The Notwithstanding clause comes back to haunt us just as Pierre Trudeau warned it would. Ontario Premier Ford says he intends to use it to overcome a Superior court decision declaring his restructuring of Toronto city council in the midst of an election violates the charter of rights.

The increasingly clear indication from Ontario’s new right wing government is that it leans in. a very partisan disruptive direction and shows little respect for democratic rights and freedoms. It is nothing less than demagogic to argue the government is advancing democracy by making drastic changes in the composition of the council by cutting the number of seats in half in the middle of an election campaign. It adds insult to injury to claim that this was mandated by the outcome of the provincial  election since his drastic  plan was never revealed in any detail nor highlighted during the election. As Judge  Edward Belobaba stated his action crossed the line and violated charter rights of freedom of expression in the section of the charter on fundamental freedoms.

.Furthermore it might well encourage Quebec again to use similar methods with respect to charter rights in the near future. This could only exacerbate federal tensions in the future as well as threaten the status of minorities. Pierre Trudeau as prime minister well understood the pitfalls of the notwithstanding clause in a political culture where authoritarian political tendencies were not uncommon. He and many others had witnessed such behaviour in Quebec and Ontario during the 1940s and 1950s . The most notorious was Quebec’s padlock law which he,  Frank Scott and their allies in the union movement  had fought against over many years. It is a return to the darkness of those days that we must avoid in these difficult days where authoritarian politics has been gaining ground.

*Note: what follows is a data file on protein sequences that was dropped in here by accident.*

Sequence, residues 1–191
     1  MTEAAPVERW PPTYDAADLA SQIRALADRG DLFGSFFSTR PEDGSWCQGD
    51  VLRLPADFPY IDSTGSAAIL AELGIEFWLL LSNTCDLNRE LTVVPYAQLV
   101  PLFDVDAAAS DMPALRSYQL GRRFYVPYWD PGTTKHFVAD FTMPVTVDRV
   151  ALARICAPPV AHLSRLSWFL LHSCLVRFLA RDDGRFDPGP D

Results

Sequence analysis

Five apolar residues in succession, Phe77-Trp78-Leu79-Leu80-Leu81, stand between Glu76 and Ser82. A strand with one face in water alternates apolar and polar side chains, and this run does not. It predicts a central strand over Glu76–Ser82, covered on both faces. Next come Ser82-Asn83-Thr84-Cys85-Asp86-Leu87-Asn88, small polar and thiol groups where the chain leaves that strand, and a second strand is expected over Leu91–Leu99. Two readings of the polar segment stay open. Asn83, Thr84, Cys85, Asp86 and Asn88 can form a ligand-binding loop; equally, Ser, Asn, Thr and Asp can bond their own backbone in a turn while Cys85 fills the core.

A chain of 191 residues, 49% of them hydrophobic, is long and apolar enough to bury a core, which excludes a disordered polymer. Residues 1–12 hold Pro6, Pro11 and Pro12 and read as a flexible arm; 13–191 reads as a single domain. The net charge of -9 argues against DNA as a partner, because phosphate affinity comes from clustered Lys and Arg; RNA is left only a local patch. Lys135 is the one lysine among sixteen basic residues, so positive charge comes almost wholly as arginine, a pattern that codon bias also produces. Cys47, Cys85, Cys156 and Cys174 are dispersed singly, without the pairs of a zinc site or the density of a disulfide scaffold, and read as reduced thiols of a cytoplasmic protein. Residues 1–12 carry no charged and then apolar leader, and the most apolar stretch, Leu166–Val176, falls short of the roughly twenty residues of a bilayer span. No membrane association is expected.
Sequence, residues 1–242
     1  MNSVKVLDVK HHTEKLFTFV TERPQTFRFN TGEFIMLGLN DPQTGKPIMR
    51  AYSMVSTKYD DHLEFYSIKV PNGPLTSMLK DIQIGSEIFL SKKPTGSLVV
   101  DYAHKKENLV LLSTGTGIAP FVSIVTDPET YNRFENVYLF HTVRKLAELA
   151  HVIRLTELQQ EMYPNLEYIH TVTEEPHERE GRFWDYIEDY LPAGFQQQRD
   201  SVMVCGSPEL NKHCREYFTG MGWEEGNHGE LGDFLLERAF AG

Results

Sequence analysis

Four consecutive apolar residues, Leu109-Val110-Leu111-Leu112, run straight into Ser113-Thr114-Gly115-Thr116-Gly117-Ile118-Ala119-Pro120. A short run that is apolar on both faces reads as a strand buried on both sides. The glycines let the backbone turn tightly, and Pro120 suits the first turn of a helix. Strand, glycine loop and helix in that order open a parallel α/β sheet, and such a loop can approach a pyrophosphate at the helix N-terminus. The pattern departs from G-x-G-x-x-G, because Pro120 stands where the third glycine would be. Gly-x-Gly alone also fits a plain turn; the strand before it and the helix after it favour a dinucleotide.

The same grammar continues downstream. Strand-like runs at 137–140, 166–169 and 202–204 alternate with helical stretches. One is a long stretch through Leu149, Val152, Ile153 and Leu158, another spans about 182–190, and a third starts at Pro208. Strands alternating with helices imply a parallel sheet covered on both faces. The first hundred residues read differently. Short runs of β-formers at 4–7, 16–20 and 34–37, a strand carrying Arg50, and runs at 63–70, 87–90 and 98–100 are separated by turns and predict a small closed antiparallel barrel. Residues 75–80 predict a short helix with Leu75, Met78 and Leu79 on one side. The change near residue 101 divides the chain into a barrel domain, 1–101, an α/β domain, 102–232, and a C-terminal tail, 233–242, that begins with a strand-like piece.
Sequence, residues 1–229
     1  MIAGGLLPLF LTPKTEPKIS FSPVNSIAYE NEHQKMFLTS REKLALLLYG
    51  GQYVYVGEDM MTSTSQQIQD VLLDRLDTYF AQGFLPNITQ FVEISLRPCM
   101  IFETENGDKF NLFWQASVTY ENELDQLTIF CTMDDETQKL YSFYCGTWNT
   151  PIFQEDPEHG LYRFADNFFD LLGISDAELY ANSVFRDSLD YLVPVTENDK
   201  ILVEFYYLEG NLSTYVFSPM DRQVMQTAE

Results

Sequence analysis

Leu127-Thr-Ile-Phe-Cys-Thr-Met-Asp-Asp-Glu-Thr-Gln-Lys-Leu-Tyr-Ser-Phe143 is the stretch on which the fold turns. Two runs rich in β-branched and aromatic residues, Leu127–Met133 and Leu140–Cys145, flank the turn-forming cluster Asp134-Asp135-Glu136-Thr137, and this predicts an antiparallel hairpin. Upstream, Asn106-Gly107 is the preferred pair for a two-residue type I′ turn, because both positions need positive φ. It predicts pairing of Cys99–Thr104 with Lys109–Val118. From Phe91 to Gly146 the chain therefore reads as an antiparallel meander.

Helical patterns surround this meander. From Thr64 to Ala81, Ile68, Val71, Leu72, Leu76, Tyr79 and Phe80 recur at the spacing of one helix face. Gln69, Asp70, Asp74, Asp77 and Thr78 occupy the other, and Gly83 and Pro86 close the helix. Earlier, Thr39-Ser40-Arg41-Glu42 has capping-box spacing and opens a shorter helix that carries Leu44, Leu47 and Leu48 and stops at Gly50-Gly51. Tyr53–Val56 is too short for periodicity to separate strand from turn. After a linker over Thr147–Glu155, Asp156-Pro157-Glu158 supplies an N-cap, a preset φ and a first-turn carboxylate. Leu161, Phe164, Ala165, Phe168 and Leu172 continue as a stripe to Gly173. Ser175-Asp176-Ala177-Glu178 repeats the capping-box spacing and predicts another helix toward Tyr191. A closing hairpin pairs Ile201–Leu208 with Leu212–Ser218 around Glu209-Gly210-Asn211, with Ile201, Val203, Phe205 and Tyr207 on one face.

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About haroldchorneyeconomist

I am Professor of political economy at Concordia university in Montréal, Québec, Canada. I received my B.A.Hons (econ.&poli sci) from the University of Manitoba. I also completed my M.A. degree in economics there. Went on to spend two years at the London School of Economics as a Ph.D. student in economics and then completed my Ph.D. in political economy at the University of Toronto. Was named a John W.Dafoe fellow, a CMHC fellow and a Canada Council fellow. I also was named a Woodrow Wilson fellow in 1968 after completing my first class honours undergraduate degree. Worked as an economist in the area of education, labour economics and as the senior economist with the Manitoba Housing and Renewal Corporation for the Government of Manitoba from 1972 to 1978. I also have worked as an economic consultant for MDT socio-economic consultants and have been consulted on urban planning, health policy, linguistic duality and public sector finance questions by the governments of Manitoba, Saskatchewan,the cities of Regina and Saskatoon, Ontario and the Federal government of Canada. I have also been consulted by senior leaders of the British Labour party, MPs from the Progressive Conservative party, the Liberal party and the New Democrats on economic policy questions. Members of the Government of France under the Presidency of Francois Mitterand discussed my work on public sector deficits. I have also run for elected office at the municipal level. I first began to write about quantitative easing as a useful policy option during the early 1980s.
This entry was posted in Canada, civil liberties, Doug Ford and authoritarian politics, Ontario elections, Uncategorized and tagged , . Bookmark the permalink.

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